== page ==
Supplementary data for Chen et al. paper in ATLA 43, issue 4

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Supplementary data for Chen et al. paper in ATLA 43, issue 4

The attached data is designed to be used in conjunction with a paper in ATLA, FRAME’s peer-reviewed journal.

It is associated with  Summary and Analysis of the Currently Existing Literature Data on Metal-based Nanoparticles Published for Selected Aquatic Organisms: Applicability for Toxicity Prediction by (Q)SARs  by Guangchao Chen, Martina G. Vijver and Willie J.G.M. Peijnenburg.

Abstract

This review establishes an inventory of existing toxicity data on nanoparticles (NPs) with the purpose of developing (Quantitative) Structure–Activity Relationships for NPs (nano-[fusion_builder_container hundred_percent=”yes” overflow=”visible”][fusion_builder_row][fusion_builder_column type=”1_1″ background_position=”left top” background_color=”” border_size=”” border_color=”” border_style=”solid” spacing=”yes” background_image=”” background_repeat=”no-repeat” padding=”” margin_top=”0px” margin_bottom=”0px” class=”” id=”” animation_type=”” animation_speed=”0.3″ animation_direction=”left” hide_on_mobile=”no” center_content=”no” min_height=”none”][Q]SARs), and also of maximising the use of scientific sources for NP risk assessment. From a data search carried out on 27 February 2014, a total of 910 publications were retrieved from the Web of Science™ Core Collection, and a database comprising 886 records of toxicity endpoints, based on these publications, was built. The test organisms mainly comprised bacteria, algae, yeast, protozoa, nematoda, crustacea and fish. The NPs consisted mostly of metals, metal oxides, nanocomposites and quantum dots. The data were analysed further, in order to: a) categorise each toxicity endpoint and the biological effects triggered by the NPs; b) survey the characterisation of the NPs used; and c) assess whether the data were suitable for nano-(Q)SAR development. Despite the efforts of numerous scientific programmes on nanomaterial safety and design, our study concluded that lack of data consistency prevents the use of experimental data in developing and validating nano-(Q)SARs. Finally, an outlook on the future of nano-(Q)SAR development is provided.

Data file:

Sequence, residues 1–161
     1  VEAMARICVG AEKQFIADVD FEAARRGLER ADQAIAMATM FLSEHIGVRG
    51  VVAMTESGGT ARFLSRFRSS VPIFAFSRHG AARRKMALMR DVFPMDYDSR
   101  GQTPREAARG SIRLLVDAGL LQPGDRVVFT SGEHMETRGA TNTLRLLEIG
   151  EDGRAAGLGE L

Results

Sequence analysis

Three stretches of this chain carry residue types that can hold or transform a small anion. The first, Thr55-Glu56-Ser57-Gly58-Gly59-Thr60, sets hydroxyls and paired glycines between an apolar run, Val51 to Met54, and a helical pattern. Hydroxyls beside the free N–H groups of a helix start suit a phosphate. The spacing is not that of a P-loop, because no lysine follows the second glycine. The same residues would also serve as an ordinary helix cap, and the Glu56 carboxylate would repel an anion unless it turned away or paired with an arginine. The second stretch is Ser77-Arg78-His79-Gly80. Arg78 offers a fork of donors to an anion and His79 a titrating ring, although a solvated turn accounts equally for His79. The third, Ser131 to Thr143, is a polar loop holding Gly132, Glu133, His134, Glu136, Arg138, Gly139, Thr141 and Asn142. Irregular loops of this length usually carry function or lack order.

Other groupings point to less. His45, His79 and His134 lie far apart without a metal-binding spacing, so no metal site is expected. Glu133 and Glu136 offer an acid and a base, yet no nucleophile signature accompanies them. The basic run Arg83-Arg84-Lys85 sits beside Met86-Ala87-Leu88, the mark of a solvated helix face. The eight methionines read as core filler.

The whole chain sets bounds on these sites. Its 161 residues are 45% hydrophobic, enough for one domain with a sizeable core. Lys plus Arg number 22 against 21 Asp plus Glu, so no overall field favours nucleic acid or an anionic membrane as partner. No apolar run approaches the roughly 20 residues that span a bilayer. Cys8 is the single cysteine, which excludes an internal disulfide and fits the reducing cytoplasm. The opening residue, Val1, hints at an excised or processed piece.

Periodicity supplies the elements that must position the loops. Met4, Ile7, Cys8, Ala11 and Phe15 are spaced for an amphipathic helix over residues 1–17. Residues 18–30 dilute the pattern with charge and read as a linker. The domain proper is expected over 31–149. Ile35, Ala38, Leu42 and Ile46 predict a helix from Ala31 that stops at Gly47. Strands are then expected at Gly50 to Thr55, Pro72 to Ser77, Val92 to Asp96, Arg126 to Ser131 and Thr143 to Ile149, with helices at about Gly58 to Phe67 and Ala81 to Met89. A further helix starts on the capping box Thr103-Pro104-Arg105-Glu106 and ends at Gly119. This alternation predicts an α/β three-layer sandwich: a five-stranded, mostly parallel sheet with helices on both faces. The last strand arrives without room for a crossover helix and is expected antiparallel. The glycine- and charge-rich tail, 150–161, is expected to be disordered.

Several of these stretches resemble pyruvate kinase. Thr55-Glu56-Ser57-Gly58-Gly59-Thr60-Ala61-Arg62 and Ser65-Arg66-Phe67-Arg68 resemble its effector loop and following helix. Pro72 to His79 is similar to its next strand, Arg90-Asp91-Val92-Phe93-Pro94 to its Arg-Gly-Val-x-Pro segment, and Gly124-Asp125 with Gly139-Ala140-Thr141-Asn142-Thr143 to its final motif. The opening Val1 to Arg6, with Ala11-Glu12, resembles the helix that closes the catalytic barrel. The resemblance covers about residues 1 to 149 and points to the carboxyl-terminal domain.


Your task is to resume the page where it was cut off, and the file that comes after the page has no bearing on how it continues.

The full paper is available by clicking here.

Chen et al Supplemental Information (This will open an Excel file.)[/fusion_builder_column][/fusion_builder_row][/fusion_builder_container]

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